Movie Review: Written by the successful duo Scott Neustadter/Michael H.Weber, formerly responsible for scripts such as “The Spectacular Now” or “(500) Days of Summer”, “The Fault in Our Stars” follows the usual teen romance, but this time with the particularity of having cancer as the main obstacle. The story, based on John Green’s novel, takes place in Indianapolis where the 16-year-old Hazel (Shailene Woodley) was diagnosed with thyroid cancer when she was 13, now metastasized to her lungs. She is an isolated person whose boring life consists pretty much in watching reality shows, going to doctor appointments, and attending support meetings at the local church. All of this will change after she gets to know the confident and unembarrassed Gus in one of those meetings. Naturally, the strong friendship established, evolves to a passionate romance that was never able to reach my emotions. The predictable story plays excessively with the couple’s extreme happiness or sadness; in the first situation, the scenes were depicted with an uncontrolled sweetness, while in the second one, the result was an exacerbated sentimentality. Everything that falls out of these two situations can be called idiotic, involving Gus’ best friend Isaac, or a trip to Amsterdam to meet the admired novelist Peter Van Houten. Craftily manipulative in its intentions, occasionally derivative, and evincing a sluggish narrative, Josh Boone’s sophomore feature “The Fault in Our Stars”, didn’t stood out in any aspect, becoming much more sloppy than rewarding.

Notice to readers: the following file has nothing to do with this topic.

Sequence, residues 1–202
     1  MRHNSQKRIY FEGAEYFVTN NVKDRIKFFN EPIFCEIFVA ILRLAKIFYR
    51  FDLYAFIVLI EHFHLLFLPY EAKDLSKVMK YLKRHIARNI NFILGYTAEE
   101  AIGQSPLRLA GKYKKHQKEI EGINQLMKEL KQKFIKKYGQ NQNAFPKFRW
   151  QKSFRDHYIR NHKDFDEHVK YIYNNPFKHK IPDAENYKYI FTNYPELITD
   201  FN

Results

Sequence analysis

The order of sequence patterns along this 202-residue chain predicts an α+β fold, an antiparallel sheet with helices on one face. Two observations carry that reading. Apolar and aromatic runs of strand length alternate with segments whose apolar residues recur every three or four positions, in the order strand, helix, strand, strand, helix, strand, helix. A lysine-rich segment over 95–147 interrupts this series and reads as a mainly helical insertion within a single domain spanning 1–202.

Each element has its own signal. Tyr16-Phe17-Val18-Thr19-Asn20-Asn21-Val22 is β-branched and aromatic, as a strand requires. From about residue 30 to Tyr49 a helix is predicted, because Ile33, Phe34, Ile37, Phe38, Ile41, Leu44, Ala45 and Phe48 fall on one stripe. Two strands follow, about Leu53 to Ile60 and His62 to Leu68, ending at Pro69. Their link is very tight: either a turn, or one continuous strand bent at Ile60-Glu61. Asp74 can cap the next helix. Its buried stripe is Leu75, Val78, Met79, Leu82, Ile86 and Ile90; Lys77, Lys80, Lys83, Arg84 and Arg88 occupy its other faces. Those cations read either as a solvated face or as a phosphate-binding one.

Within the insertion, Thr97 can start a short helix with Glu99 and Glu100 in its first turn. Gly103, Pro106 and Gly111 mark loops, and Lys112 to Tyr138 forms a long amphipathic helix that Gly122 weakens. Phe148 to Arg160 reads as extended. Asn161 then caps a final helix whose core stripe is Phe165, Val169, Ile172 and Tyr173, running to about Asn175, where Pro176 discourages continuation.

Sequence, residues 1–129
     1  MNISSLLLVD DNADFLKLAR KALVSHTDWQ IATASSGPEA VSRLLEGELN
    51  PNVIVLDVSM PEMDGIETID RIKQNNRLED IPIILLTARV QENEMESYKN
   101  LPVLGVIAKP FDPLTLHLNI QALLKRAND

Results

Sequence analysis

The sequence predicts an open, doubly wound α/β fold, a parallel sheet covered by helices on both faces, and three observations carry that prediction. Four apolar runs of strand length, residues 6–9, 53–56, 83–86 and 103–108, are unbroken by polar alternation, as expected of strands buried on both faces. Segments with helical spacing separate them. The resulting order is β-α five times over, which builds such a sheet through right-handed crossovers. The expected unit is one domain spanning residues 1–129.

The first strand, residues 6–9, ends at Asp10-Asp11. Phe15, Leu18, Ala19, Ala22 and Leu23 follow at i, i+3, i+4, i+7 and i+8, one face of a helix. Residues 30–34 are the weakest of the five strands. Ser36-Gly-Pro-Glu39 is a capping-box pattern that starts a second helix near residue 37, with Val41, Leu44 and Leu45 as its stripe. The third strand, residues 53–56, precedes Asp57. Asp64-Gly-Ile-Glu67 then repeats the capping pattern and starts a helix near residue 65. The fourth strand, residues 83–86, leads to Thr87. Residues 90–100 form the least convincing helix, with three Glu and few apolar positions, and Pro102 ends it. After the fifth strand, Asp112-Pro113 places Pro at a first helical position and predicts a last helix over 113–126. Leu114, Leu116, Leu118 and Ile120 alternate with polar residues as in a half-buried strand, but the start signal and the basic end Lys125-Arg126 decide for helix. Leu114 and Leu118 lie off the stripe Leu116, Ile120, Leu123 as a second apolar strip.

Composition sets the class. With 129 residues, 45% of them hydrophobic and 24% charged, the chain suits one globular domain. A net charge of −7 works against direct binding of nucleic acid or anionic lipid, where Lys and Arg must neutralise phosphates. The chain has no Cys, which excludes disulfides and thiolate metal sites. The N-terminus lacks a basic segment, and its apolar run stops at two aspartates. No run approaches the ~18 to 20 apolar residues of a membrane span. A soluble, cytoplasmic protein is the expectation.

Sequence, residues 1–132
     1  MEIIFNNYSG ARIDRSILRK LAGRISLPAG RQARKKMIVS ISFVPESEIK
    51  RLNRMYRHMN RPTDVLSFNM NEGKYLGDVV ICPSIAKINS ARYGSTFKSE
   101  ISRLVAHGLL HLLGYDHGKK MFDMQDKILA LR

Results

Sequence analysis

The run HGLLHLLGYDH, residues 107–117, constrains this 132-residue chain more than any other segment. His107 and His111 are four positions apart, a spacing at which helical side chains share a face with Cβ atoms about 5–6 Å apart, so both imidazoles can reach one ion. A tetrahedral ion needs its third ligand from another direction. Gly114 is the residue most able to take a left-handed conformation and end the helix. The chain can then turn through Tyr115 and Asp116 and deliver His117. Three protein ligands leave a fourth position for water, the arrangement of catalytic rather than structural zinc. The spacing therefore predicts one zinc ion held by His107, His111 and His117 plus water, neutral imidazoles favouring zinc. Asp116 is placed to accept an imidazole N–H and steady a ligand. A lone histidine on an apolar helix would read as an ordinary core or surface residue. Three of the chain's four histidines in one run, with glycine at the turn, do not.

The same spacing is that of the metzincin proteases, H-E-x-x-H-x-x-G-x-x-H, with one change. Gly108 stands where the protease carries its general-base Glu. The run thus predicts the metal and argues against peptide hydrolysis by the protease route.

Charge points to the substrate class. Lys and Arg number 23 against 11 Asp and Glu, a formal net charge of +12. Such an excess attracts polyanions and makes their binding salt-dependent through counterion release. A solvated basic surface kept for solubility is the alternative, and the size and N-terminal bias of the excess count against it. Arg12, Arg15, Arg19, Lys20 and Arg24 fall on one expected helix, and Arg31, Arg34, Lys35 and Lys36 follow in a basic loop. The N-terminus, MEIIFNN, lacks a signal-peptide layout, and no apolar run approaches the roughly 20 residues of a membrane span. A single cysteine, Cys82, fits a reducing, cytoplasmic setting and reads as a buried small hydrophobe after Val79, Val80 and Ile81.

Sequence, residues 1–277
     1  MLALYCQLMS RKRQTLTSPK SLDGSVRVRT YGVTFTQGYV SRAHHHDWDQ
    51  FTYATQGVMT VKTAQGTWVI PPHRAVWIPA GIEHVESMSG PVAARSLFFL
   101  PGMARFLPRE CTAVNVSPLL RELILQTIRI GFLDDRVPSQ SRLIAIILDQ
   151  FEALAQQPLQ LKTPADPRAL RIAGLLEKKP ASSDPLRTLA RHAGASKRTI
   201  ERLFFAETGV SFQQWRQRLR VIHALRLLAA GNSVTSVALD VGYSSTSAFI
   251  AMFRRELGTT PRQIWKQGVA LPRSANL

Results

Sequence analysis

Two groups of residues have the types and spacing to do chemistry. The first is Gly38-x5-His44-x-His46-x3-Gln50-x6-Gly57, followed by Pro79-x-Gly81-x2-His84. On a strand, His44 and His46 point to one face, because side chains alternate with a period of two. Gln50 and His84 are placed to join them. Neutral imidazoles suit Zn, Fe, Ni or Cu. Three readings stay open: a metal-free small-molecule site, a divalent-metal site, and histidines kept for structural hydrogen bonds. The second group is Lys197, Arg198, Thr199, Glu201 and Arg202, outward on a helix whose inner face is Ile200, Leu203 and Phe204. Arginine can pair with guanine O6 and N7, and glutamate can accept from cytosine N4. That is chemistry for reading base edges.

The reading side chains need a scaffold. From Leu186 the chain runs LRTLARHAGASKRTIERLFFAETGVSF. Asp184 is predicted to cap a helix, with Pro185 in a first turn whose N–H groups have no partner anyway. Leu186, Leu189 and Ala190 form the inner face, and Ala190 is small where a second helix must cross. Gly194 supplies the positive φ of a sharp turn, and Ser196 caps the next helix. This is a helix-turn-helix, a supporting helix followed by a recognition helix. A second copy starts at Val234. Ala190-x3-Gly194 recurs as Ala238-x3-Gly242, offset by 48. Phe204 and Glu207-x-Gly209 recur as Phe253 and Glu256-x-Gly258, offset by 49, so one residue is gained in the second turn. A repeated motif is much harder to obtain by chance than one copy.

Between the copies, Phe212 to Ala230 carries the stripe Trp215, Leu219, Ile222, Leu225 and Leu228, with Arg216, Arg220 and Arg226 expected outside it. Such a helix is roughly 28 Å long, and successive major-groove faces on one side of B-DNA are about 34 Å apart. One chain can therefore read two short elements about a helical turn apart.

June 13, 2014

Stand Clear of the Closing Doors (2013)

Stand Clear of the Closing Doors (2013) - Movie Review
Directed by: Sam Fleischner
Country: USA